I got in everyone's hostile little face. Yes, these are bruises from fighting. Yes, I'm comfortable with that. I am enlightened.
Funky Muthafucka Of The Bass Militia. PM Nutter_101 To Join.
UG Irish Clan-Póg mo thóin
Quote by Caustic
Beast Within, you're awesome.
#19
Quote by Beast_Within
And no, you can never truly make a Jazz sound like a Precision, regardless of how much you fiddle with the knobs.


Thank you. From the bottom of my heart. I was beginning to think I as the only one that felt that way. Yes--the Jazz is versatile, but I will always own a P bass or clone because that tone is unique to that instrument.

The '51 is a great instrument btw, and I love it each time I play one, but it is a very, very specific tone that I am not sure would work with metal. It works well with every other genre you listed though. I'm not a fan of short scales (as you can see from my sig). I would definitely give the MIA Deluxe Precision bass a whirl. It may be versatile enough to give you the sound you want for metal and would fit amazingly well with your other genres of choice.
#20
Quote by anarkee
Thank you. From the bottom of my heart. I was beginning to think I as the only one that felt that way. Yes--the Jazz is versatile, but I will always own a P bass or clone because that tone is unique to that instrument.

The '51 is a great instrument btw, and I love it each time I play one, but it is a very, very specific tone that I am not sure would work with metal. It works well with every other genre you listed though. I'm not a fan of short scales (as you can see from my sig). I would definitely give the MIA Deluxe Precision bass a whirl. It may be versatile enough to give you the sound you want for metal and would fit amazingly well with your other genres of choice.

some effects might give the 51 the neccessary tone...
fitzy, can they?
and Tam, many amazing bassists used short scales. Jack Casady used a Guild Starfire until he met up with Alembic. Bill Wyan enjoyed Mustangs, and Dee Dee Ramone had one too. James Jamerson occasionally used a Fender V.
they may lack some sustain and clarity, but they are not to be thrown aside as a whole. If you don't mind me saying so.
Quote by FatalGear41
I wouldn't call what we have here on the Bass Forum a mentality. It's more like the sharing part of an AA meeting.

Quote by Jason Jillard
HUMANITY WHATS WRONG WITH YOU.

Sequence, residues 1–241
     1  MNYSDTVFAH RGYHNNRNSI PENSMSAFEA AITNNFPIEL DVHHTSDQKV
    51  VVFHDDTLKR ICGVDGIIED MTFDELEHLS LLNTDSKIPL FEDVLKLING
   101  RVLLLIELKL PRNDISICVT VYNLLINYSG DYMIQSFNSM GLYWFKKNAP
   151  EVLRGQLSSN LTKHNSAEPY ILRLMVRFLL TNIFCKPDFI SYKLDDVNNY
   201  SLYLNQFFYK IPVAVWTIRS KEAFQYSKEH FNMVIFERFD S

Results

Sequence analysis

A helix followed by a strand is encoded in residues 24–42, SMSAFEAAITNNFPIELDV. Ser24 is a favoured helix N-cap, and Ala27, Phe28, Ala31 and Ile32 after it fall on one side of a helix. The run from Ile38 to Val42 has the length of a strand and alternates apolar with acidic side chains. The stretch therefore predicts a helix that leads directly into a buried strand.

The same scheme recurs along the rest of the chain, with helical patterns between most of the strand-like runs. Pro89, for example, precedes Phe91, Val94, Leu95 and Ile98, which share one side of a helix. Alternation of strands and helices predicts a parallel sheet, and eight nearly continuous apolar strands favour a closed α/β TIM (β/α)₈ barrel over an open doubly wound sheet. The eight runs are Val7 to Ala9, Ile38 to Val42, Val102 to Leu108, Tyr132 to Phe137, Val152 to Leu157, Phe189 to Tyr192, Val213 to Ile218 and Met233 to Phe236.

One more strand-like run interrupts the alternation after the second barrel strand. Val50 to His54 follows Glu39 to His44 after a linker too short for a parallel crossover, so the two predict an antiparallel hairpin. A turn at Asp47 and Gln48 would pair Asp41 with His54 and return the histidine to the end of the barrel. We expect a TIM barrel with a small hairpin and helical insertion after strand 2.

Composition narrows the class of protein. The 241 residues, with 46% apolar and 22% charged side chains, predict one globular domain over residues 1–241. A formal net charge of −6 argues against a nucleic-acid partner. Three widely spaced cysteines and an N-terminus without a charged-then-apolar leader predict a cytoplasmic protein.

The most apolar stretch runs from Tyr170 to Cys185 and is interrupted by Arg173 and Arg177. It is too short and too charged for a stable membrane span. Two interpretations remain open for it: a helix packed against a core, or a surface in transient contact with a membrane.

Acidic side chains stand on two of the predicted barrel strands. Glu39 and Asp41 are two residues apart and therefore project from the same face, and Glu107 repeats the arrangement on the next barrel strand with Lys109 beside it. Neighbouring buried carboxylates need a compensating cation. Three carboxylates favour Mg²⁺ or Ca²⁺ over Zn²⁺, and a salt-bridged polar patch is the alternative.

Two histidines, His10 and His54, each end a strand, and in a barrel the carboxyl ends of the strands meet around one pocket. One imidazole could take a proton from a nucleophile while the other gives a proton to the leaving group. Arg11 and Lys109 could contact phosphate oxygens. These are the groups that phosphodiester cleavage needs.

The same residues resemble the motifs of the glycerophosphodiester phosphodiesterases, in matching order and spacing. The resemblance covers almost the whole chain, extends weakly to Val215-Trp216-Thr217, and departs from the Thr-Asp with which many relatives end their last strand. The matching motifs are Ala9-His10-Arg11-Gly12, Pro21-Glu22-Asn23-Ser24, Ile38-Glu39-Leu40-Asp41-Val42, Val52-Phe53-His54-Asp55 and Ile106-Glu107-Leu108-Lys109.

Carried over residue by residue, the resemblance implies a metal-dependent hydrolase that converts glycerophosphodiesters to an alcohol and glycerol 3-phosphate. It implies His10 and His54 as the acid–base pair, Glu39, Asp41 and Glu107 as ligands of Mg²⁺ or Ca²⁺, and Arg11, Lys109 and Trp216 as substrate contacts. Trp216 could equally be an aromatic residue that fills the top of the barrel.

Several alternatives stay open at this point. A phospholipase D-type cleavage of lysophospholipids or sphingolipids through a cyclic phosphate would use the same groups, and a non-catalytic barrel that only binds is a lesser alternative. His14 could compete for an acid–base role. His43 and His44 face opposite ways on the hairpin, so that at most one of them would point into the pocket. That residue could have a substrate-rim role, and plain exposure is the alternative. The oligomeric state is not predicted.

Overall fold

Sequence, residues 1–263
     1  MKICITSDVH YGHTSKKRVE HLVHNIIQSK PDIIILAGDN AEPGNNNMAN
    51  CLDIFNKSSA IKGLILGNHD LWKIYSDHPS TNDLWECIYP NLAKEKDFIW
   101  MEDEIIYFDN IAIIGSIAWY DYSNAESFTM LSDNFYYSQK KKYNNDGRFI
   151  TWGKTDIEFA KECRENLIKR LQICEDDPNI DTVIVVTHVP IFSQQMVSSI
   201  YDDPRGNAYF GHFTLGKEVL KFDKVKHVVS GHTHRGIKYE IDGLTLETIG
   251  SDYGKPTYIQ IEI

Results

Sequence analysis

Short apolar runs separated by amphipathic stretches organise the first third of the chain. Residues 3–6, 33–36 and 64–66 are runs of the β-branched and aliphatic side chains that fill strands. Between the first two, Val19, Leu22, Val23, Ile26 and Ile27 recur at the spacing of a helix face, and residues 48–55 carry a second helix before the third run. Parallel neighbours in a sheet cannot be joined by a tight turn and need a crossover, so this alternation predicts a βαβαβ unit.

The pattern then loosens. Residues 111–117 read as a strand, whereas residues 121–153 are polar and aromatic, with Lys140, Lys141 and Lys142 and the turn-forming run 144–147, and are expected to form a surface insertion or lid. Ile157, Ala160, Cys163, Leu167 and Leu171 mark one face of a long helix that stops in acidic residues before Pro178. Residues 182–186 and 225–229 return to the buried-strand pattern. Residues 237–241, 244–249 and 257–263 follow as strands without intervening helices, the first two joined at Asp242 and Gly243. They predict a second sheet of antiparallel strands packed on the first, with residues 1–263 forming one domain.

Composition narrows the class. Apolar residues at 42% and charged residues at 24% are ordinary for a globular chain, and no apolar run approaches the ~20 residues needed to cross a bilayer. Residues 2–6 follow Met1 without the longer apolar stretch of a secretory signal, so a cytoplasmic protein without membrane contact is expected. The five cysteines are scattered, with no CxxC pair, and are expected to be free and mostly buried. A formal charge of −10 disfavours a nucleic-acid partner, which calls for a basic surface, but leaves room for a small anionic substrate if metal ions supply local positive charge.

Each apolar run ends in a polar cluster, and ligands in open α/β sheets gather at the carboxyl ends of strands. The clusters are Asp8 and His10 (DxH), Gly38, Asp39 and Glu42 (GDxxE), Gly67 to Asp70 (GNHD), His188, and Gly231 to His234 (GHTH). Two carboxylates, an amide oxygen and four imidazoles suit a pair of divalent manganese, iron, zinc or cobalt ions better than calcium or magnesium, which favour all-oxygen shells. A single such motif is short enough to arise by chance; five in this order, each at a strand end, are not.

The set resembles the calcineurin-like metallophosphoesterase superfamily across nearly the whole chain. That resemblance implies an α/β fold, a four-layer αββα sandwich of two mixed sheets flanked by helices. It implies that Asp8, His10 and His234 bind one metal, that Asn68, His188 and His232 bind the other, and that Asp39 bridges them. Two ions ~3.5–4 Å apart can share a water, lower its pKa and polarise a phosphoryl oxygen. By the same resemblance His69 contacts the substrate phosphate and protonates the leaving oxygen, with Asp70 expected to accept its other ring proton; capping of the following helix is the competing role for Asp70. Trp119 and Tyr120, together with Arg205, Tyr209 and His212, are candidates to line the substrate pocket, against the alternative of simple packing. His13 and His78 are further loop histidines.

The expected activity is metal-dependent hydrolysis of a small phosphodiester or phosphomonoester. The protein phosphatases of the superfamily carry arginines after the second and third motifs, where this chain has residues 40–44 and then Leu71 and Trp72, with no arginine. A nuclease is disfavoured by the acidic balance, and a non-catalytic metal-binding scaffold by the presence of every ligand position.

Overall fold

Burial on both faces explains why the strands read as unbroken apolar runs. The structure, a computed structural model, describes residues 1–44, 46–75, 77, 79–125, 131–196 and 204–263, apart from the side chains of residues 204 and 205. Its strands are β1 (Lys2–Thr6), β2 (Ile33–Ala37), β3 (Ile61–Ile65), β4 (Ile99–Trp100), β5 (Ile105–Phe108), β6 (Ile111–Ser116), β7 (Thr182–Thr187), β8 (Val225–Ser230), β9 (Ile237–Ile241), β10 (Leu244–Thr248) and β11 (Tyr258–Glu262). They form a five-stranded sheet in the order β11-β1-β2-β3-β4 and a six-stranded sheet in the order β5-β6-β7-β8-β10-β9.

Warwick Fortress>>Acoustic AB50

http://www.myspace.com/rustingbloom
#21
My issue with short scales in general are from a playing and for lack of a better term, cultural perspective. Like Miss G, I really resent walking into a shop and having someone look at me and immediately start showing me short scales because of my sex and size. Yes, I know that's THEIR issue not mine, but it does irk me.

More importantly, I am not overly fond of the tone of most short scales and I find them a bit constricting to play. Like I said above, I'm not fond of them. That's me. Everyone else is entitled to their opinion and as you stated, they work very well for others. I'm not dismissing them outright, but they're not for me.
#22
Quote by anarkee
My issue with short scales in general are from a playing and for lack of a better term, cultural perspective. Like Miss G, I really resent walking into a shop and having someone look at me and immediately start showing me short scales because of my sex and size. Yes, I know that's THEIR issue not mine, but it does irk me.

More importantly, I am not overly fond of the tone of most short scales and I find them a bit constricting to play. Like I said above, I'm not fond of them. That's me. Everyone else is entitled to their opinion and as you stated, they work very well for others. I'm not dismissing them outright, but they're not for me.

OK. I get what you mean.

we all have opinions.

you must admit though, streches are a bit easier...
Quote by FatalGear41
I wouldn't call what we have here on the Bass Forum a mentality. It's more like the sharing part of an AA meeting.

Quote by Jason Jillard
HUMANITY WHATS WRONG WITH YOU.


Warwick Fortress>>Acoustic AB50

http://www.myspace.com/rustingbloom
#23
Quote by skippy_moogoose
You sir, are a very very intelligent man, with excellent taste in basses

EDIT: Looking at your profile, it would appear you are a girl, thus I change my statement:

You Madam, are a very very intelligent woman, with excellent taste in basses

thus, order is restored to the bass forum

Tis fine.
;d
#24
Quote by the humanity
some effects might give the 51 the neccessary tone...
fitzy, can they?
and Tam, many amazing bassists used short scales. Jack Casady used a Guild Starfire until he met up with Alembic. Bill Wyan enjoyed Mustangs, and Dee Dee Ramone had one too. James Jamerson occasionally used a Fender V.
they may lack some sustain and clarity, but they are not to be thrown aside as a whole. If you don't mind me saying so.


Can't forget one of the more prominent figures in bass: Stanley Clarke. His Alembics are primarily short-scale.

I find my Ibanez GAX150B (a short-scale) a unique bass to play, merely because I can exert more upon the instrument, primarily speed-wise and power when slapping.

As previously mentioned, it's all preference, and I can somewhat relate to Anarkee's feeling with short-scale basses, after seeing girls who walk into Guitar Center looking for a bass being led directly to the short-scale section.

Referring to the TS, The Fender Active Jazz Deluxe would be my pick from that group, though I would recommend the Fender Deluxe P-Bass. It's versatile with the added J pickup at the bridge, yet still retains the P-bass sound prominent in any rock setting. I'd switch out the gold pickguard, though...

Grayedit: The Fender Aerodyne Classic P-Bass is actually quite nice compared to the Deluxe P-Bass. It's the same price as the Jaguar however, which is the priciest of your choices.